Pollard named a range of other initiatives aimed at keeping the university affordable and attractive for prospective students.

A second virtual audience member voiced a similar concern: “How will Oakwood move away from tuition dependence?”

Pollard responded that Oakwood in its inception was a self-reliant institution. “I believe God is moving us through these times of hardship toward being independent and self-reliant,” he said.

Pollard referred to the university’s “Industry Recovery Strategy,” which is to take businesses deemed “mission compatible” with Oakwood and place them in main thoroughfares in and around Huntsville to generate revenue for the university. The Edible Arrangements franchise is one such example.

Pollard spent 45 minutes addressing audience member questions, then offered a final statement thanking viewers for keeping Oakwood University “in the center of your prayer life.” He added, “We are seeing spiritual warfare at Oakwood campus at a level that I believe is rare.”

“By the way, finances are never the problem with the people of God,” Pollard said in closing.

Oakwood’s budget and staff reductions are not unique among Adventist colleges and universities in North America. Andrews University, on the heels of three years of declining enrollment, has undergone two rounds of budget cuts at the recommendation of its board.

Atlantic Union College closed in 2011 over its financial problems and a loss of accreditation. It reopened in 2015 after hiring Dr. Avis Hendrickson as its president in a bid to regain accreditation. The newly reopened AUC offered B.A degrees in Religion/Theology, a B.S. in Health Sciences/Biology, and a handful of certificate degrees. Dr. Hendrickson noted in a Spectrum interview that the college needed more students to survive. 2016 will provide a critical test of the institution's viability.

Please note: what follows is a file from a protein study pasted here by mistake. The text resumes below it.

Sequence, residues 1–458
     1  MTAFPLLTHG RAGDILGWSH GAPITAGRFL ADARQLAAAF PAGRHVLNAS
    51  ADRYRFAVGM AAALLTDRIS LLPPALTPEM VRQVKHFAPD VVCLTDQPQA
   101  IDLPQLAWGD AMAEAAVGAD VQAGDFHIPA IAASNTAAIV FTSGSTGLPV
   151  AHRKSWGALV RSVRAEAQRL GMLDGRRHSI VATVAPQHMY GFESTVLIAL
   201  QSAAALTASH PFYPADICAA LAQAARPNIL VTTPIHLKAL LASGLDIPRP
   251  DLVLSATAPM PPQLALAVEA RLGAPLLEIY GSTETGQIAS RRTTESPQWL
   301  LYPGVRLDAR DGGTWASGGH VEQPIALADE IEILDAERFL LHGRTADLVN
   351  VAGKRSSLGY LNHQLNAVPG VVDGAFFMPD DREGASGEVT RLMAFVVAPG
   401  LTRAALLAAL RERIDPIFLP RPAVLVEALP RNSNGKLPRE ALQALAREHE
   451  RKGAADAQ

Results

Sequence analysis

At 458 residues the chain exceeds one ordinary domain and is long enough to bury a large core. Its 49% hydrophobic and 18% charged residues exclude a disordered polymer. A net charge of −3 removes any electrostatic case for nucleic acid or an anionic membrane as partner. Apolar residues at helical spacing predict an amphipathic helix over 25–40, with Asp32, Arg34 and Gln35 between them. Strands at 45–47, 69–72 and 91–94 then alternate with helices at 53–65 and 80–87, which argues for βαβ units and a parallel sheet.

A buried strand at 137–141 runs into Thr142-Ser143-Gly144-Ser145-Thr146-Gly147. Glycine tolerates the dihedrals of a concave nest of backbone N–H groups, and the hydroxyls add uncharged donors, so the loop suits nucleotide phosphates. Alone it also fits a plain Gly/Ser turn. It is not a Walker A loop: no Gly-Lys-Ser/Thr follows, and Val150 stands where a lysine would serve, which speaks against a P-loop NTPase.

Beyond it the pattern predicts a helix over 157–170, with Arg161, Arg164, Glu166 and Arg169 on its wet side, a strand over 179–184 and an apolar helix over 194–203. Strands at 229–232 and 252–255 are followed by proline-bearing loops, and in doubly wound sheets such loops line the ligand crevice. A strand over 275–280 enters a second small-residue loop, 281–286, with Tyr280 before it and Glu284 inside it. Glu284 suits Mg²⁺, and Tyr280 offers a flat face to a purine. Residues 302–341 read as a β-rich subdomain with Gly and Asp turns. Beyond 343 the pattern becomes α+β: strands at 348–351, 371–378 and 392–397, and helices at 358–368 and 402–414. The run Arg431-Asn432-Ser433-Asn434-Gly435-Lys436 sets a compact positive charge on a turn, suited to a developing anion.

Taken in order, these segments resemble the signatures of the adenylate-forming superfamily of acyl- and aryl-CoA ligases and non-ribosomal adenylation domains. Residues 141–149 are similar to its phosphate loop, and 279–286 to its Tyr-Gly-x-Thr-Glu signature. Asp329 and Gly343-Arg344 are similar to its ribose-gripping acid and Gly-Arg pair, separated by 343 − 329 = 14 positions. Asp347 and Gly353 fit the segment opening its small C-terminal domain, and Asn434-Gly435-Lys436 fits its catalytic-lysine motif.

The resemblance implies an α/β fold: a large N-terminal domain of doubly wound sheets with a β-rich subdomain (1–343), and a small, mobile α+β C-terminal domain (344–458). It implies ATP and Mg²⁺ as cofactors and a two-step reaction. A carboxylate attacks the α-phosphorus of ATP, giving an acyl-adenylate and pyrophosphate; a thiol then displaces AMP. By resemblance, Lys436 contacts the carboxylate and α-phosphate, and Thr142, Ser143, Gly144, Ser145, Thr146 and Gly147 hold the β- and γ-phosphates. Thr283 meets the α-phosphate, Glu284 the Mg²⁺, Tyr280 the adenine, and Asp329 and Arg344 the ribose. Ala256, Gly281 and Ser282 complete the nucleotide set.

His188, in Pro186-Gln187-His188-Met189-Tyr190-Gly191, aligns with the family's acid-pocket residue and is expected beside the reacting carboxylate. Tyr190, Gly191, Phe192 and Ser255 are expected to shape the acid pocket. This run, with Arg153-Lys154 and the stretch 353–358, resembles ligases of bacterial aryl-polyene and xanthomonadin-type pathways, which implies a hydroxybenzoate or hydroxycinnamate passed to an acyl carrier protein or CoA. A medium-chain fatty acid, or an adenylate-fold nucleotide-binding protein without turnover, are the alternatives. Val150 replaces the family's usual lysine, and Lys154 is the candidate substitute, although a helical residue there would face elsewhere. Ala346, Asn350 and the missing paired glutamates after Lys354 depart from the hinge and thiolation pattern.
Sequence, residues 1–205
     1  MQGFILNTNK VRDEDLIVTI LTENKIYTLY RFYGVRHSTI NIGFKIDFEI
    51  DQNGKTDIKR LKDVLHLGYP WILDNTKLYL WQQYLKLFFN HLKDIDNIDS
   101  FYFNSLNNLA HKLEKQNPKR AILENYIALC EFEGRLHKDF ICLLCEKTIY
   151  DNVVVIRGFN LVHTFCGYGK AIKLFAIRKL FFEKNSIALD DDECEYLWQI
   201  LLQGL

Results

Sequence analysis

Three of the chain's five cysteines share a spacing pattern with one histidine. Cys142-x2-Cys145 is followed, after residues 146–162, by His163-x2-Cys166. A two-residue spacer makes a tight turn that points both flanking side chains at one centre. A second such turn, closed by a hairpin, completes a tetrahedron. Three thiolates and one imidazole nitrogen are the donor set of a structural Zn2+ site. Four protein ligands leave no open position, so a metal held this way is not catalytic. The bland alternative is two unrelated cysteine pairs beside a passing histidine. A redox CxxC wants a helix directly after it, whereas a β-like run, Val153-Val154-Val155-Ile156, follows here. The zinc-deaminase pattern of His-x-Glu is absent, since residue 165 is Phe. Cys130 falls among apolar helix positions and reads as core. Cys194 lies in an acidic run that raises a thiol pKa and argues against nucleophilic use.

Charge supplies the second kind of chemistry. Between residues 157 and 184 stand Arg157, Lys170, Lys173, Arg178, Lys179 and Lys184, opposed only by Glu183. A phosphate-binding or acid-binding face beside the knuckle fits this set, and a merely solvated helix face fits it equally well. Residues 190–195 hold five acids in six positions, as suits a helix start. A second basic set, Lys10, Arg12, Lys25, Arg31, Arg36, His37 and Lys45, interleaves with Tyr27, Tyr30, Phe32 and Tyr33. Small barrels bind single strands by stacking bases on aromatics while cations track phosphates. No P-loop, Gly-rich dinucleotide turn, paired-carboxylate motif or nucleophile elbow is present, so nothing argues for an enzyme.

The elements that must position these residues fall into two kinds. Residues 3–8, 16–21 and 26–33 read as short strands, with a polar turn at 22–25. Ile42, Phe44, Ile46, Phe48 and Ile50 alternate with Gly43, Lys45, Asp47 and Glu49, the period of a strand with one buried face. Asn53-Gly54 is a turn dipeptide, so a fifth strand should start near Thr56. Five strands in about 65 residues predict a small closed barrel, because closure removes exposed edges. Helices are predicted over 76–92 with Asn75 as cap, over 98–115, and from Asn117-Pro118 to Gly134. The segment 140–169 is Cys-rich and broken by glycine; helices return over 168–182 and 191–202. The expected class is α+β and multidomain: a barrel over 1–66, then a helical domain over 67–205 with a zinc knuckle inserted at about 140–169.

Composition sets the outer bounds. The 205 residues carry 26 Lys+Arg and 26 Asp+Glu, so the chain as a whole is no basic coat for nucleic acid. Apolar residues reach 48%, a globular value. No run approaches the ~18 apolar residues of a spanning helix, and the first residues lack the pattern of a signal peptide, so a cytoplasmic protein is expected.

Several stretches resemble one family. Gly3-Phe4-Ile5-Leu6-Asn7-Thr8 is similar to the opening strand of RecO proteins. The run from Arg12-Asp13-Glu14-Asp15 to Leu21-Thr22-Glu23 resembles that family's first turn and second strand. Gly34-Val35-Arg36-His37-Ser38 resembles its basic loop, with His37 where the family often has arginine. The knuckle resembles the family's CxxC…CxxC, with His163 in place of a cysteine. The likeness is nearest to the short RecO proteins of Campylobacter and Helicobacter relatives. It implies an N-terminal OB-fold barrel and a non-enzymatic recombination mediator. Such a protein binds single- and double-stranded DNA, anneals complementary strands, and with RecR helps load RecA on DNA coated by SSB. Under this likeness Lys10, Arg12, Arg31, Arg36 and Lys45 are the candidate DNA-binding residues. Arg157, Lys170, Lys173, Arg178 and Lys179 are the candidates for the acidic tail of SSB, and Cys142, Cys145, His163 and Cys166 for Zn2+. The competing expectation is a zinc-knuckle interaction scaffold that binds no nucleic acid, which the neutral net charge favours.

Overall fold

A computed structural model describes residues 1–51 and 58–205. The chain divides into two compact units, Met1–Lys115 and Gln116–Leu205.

Many Adventist institutions are relying heavily on adjunct faculty memberswho receive far less pay and no benefitsas a strategy for staying in good financial shape. That reliance on contract teachers is not unique to Adventist schools. The Atlantic wrote about the problem, which has made it harder and harder for adjunct faculty members to make ends meet. Their story, published in September, was called “There Is No Excuse for How Universities Treat Adjuncts.”

For Adventist education, enrollment drops and financial stability plague leaders at all levels. Dr. Larry Blackmer, the North American Division Vice President for Education, told delegates at the 2015 Year-end Meeting that during his time in charge of the Education Department, the division has lost a net 271 schools, equating to some 16,000 students. Perhaps the most notable of those losses was Mt. Vernon Academy, the denomination’s oldest boarding academy in operation, which announced its closure in 2015 after a long period of mismanagement and insolvency.

The North American Division is mulling consolidation plans on a number of levels, not least of all the prospective restructuring of the division itself. This era within the North American Division seems likely to be characterized by belt tightening and consolidation, even as Adventist membership in the Global South accelerates. 

Jared Wright is Managing Editor of